Gerald Mack Biber
On April 22, 1961, a four-man team from the U.S. Army 7th Special Forces Group was operating alongside the 6th Bataillon d’Infanterie (Lao) north of Vang Vieng, Laos, when it came under a heavy artillery barrage from the Pathet Lao, a group of Laotian communist fighters, at Phou Tesao. The Pathet Lao quickly overran the battalion and the Special Forces team’s commander was captured. The sole survivor of the four-man team reported that he last observed his two other team members jumping into an armored vehicle in their effort to avoid capture. As the vehicle took off heading south on Route 13 toward Vang Vieng, it came under enemy attack, and the two team members riding on it were killed.
Sergeant Gerald Mack Biber entered the U.S. Army from Nebraska and was a member of Company B of the 7th Special Forces Group, 1st Special Forces Command. He was the radio operator in this field training team, and he was killed while riding in the armored vehicle. Attempts to locate or identify his remains following the incident have been unsuccessful.
Four White Star members, SFC John M Bischoff and SGT Gerald M. Biber, believed KIA on April 22, 1961. Their remains were never recovered nor returned. Captain Walter Moon, taken POW and killed in captivity and SGT Orville Ballinger, taken POW and released in August 1962.
The men were part of Capt. Walter Moon’s four-man Field Training Team FTT-59, MAAG, of the 7th Special Forces Group and was attached to the 6th Bataillon d’infanterie (Lao) at Ban Pha Home, about thirty miles north of Vang Vieng.
On April 22, 1961, the battalion was subjected to a heavy and accurate artillery barrage and was rapidly flanked at Phou Tesao. Shortly after the battalion commander announced that they were cut off, the perimeter collapsed and the Pathet Lao quickly overran the battalion positions.
The team’s commander, CAPT Walter Moon, was captured in the initial attack. SFC John M. Bischoff (the medic), SGT Gerald M. Biber (the radio operator), and some Laotian soldiers jumped aboard an armored car, heading south on Route 13, in a breakout effort. According to Lao survivors, they crouched behind the turret, but the car came under heavy grenade attack. SFC Bischoff fired a machine gun from the vehicle until he was shot through the neck and killed. SGT Biber had already been wounded and was apparently killed by stick grenades thrown against the armored car. The vehicle was halted and its crew captured.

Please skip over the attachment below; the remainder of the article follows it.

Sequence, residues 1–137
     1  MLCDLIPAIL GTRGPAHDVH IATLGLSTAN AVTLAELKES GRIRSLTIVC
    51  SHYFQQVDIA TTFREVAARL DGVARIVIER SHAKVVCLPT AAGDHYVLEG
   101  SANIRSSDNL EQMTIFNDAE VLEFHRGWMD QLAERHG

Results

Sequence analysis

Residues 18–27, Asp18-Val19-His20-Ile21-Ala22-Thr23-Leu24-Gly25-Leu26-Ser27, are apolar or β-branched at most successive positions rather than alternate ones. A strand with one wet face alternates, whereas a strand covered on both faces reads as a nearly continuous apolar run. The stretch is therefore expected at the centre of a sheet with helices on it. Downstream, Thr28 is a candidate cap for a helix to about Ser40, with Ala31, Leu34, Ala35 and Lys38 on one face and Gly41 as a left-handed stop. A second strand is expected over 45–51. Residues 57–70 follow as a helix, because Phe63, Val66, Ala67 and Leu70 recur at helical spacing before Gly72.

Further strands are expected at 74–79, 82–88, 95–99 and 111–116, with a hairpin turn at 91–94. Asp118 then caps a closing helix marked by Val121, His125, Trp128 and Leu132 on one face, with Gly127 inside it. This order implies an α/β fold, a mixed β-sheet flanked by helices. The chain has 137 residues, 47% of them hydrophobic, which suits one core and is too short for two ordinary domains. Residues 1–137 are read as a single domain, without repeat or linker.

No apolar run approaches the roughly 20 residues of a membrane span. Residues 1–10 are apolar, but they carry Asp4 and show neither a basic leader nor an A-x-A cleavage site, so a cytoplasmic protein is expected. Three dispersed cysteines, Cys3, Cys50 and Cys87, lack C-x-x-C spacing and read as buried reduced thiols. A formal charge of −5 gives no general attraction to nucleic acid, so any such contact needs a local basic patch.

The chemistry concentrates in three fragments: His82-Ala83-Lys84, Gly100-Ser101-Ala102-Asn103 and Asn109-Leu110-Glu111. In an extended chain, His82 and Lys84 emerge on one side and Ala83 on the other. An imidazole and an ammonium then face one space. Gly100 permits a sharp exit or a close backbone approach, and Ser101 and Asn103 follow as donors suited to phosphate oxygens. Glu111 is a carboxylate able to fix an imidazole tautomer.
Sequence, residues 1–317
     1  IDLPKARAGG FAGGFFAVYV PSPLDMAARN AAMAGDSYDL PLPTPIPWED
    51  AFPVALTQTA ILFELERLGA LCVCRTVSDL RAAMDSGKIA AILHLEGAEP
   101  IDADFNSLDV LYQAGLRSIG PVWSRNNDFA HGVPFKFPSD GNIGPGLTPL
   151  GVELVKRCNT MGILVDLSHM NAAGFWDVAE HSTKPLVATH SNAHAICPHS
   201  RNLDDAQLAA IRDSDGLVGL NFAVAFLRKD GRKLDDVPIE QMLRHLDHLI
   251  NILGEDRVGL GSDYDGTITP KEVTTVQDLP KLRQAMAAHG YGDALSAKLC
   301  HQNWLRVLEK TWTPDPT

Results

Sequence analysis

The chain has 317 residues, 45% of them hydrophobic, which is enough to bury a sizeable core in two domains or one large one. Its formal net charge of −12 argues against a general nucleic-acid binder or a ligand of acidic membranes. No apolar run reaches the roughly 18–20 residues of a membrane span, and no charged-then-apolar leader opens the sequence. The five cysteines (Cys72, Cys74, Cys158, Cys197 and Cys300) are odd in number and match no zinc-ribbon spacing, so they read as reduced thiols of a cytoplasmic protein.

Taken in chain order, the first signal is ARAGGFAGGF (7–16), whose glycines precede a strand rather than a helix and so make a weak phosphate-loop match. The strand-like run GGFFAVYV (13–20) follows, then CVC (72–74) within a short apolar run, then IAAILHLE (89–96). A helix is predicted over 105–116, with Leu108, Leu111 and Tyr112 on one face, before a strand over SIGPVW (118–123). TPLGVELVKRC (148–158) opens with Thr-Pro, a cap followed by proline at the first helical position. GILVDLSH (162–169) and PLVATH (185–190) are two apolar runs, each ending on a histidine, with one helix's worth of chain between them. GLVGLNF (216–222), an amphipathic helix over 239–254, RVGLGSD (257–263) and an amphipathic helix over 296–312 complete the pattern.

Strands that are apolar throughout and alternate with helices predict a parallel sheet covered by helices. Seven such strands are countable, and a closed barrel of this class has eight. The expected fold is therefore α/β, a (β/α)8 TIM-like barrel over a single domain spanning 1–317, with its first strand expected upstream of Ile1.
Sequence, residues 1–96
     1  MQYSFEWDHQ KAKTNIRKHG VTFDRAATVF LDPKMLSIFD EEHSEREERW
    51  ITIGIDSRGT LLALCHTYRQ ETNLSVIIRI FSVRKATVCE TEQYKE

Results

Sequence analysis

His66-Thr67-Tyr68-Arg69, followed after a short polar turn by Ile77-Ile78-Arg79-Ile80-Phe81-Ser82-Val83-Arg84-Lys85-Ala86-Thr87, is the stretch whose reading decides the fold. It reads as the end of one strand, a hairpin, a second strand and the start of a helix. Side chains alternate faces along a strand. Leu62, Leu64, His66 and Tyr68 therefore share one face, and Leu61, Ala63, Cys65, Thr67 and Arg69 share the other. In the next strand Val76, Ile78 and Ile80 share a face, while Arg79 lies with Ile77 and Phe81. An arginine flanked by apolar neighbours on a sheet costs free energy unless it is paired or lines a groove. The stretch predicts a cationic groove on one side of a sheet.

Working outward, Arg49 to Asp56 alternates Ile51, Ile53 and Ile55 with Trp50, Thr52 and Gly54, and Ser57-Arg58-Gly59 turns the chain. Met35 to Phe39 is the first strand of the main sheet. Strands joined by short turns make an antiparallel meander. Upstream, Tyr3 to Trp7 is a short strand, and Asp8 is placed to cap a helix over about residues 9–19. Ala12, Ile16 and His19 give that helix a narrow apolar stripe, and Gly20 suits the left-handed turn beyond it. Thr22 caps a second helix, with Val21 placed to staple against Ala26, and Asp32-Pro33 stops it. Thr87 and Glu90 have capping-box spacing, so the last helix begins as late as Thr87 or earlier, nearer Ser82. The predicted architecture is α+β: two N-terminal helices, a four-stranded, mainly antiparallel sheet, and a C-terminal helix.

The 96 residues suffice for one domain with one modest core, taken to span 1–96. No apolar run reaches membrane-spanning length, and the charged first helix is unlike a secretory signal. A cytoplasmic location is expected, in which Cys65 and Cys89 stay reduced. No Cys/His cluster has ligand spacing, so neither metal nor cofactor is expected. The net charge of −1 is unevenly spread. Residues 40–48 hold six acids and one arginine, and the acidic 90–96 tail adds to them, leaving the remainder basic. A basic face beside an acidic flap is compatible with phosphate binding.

SGT Orville R. Ballinger, demolitions sergeant, escaped through the jungle and linked up with some Lao soldiers. They found a boat and were going downriver when they were surprised and captured by the Pathet Lao seven days later. SGT Ballenger were eventually released in August 1962.
CAPT Moon tried to escape twice during his confinement, and on the last attempt was wounded in the chest and head. According to Ballinger, Moon’s head injury caused him to become mentally unbalanced, and after several months of persecution, he was executed in his prison quarters at Lat Theoung by a Meo guard and a Pathet Lao officer on July 22, 1961.
The Pathet Lao consistently denied knowledge of Moon, Biber or Bischoff after the war ended.
In 1984, James “Bo” Gritz, a highly decorated former Special Forces colonel, brought documents and a photograph pertaining to Moon from Laos and gave them to the U.S. Government. Moon’s wife positively identified the photograph and Moon’s signature. The Government stated that the photograph was made May 6, 1961, two weeks after Moon’s capture. (Moon was normally clean-shaven but had, according to USG, grown a full beard in 2 weeks!)
Though the documents were taken from a large collection of 250-300 similar documents held by the Lao People’s Army in Laos, the U.S. refused to demand the information from the Lao. The Defense Intelligence Agency, according to Congressman Stephen Solarz, has full knowledge of this collection.
Whether Biber and Bischoff survived the ambush on April 22, 1961 is unknown. They and Moon are among nearly 600 Americans who disappeared in Laos and did not return. The treaty which ended American involvement in the war in Southeast Asia did not pertain to the prisoners held by the Lao, and not a single prisoner was released from Laos in 1973. The Lao publicly stated they held prisoners, but the U.S. has never negotiated for their release.
[Taken from pownetwork.org]